Senior Technologist at Velo3D
B.S. and M.S. Mechanical Engineering – Universidad de los Andes (Bogotá, Colombia)
PhD Mechanical Engineering – Northeastern University (Boston, MA)
Originally from Colombia, Ana moved to the USA to pursue a PhD in Mechanical Engineering with an emphasis in Material Science. After graduation, she started as a Junior Process Engineer at Velo3D, where she now holds a position as a Senior Technologist. In this role, she works on developing laser powder bed 3D printing processes for a variety of metallic materials. One of her favorite parts about her job is getting to see how the processes she develops on small-scale test structures turn out when used in the 3D printing of large-scale components, and knowing that the technology she is helping develop enables the printing of complex and ambitious designs that allow fast innovation in the aerospace, transportation and energy industries.
Talk about the culture at your company. What makes it inclusive or supportive of women in engineering and automation?
I’ve always liked that at Velo3D there is a strong sense of collaboration and respect. There are a lot of opportunities to interact with different teams, and everyone is always open to help and work together to achieve our common goals. I have always felt respected and included, and while many times I have found myself to be the only woman in a room or meeting, I’ve always felt my input has been valued and considered.
Describe a recent company project (in which you were involved) that went particularly well. How did you and your team go about ensuring success?
I was recently working on qualifying a new material for the Velo3D printers. This material, called GRCop-42, is a copper alloy of particular interest to the aerospace industry. Due to its high reflectivity, conductivity and melting temperature, this alloy proved to be very challenging to print. The typical processes we use for other materials didn’t work very well for this one, and we identified new failure modes that we hadn’t seen before. We had a tight schedule, a small team, and a lot of work to complete. We also had a lot of pressure from other teams that depended on us completing our work to be able to start theirs. I started by clearly laying out what the main requirements would be for this project, while also keeping track of lower priority goals that could be tackled later. We set up regular internal check-ins to track progress, and kept the customer informed along the way on how the project was moving forward. While there were a lot of challenges related to maintaining good communication and synchronization across teams, I consider the project was overall very successful in that we were able to deliver a product that met and exceeded the customer expectations. It required a lot of hard work, a great team of people, good organization, many iterations, and open collaboration both internally as well as with the customer.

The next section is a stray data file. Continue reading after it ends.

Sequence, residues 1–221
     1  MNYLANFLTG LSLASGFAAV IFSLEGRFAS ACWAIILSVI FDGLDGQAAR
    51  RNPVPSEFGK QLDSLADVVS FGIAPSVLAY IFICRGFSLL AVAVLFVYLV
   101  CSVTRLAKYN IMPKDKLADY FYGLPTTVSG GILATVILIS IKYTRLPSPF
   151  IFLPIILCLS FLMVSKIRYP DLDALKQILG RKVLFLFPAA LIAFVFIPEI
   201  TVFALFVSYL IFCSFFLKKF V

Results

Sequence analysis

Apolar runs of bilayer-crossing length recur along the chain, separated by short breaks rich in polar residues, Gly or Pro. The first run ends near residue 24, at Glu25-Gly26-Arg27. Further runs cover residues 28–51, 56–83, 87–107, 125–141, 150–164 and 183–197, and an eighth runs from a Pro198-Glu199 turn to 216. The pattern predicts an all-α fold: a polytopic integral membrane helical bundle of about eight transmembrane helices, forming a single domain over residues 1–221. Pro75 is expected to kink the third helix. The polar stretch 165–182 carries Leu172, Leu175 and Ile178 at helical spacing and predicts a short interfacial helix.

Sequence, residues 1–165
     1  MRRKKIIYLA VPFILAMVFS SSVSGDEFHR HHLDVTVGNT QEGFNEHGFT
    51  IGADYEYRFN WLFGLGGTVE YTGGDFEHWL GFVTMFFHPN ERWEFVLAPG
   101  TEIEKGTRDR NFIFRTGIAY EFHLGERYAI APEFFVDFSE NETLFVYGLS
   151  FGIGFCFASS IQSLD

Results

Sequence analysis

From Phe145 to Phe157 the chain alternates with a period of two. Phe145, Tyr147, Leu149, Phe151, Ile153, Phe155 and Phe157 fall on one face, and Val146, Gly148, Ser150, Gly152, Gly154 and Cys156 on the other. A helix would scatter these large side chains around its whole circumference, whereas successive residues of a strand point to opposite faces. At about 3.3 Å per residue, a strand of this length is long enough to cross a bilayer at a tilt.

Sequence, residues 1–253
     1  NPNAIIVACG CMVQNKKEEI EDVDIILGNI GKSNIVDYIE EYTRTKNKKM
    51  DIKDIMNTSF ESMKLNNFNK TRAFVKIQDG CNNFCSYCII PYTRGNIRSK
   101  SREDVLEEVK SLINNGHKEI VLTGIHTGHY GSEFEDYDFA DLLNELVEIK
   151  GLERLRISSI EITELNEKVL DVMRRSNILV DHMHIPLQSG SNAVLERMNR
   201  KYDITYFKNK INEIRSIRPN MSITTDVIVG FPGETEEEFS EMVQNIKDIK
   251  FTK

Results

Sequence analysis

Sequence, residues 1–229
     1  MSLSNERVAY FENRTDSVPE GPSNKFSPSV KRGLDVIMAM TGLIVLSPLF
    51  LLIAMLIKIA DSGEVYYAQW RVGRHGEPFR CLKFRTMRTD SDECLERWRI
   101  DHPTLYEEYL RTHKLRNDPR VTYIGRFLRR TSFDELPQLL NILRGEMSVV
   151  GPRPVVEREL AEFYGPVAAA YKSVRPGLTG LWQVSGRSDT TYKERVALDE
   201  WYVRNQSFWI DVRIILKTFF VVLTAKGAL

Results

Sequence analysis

What first drew you to engineering and this industry?
I loved math and science classes during high school. I found it very exciting to learn about basic concepts and principles that allowed me to derive exact solutions to problems. For that reason, engineering felt like a natural choice for me when selecting a career, even though I come from a family of artists. I started my undergrad in a General Engineering program, and after getting more exposure to the different path options available, I opted for Material Science and Engineering under the Mechanical Engineering Department. In my senior year, I had the opportunity to join a research lab focused on powder metallurgy, and that experience sparked my interest in research and experimentation in manufacturing.
Describe your biggest career challenge. How did you solve it — or what was the outcome or lesson learned?
I have a shy personality and speaking up has always been challenging to me, whether it is in a public speaking setting like a conference or work presentation or a debate-type setting like a meeting or work discussion. Being able to communicate well is critical to all careers, not just engineering, and so very early on I identified this aspect as something I would have to improve on. For the case of public speaking, it took a lot of practice over the years and many public presentations to learn what works best for me to feel more comfortable; preparing well the material that I’m presenting ahead of time helps me organize my thoughts, structure my talk, and gives me the boost of confidence that I need. I’m happy to say that with this strategy I’ve become good at public presentations, and my managers and peers have even expressed that I excel at this. For the debate-type settings, even to date, I have to continue to remind myself to be more outspoken, to care less about what others may think and focus more on the work that needs to be done.
What career advice would you give to your younger self?
Trust yourself. Don’t be afraid to make mistakes because they will help you learn and grow. Try to learn different things even if they are not directly related to your field and broaden your skill set as much as possible.
Filed Under: Women in Engineering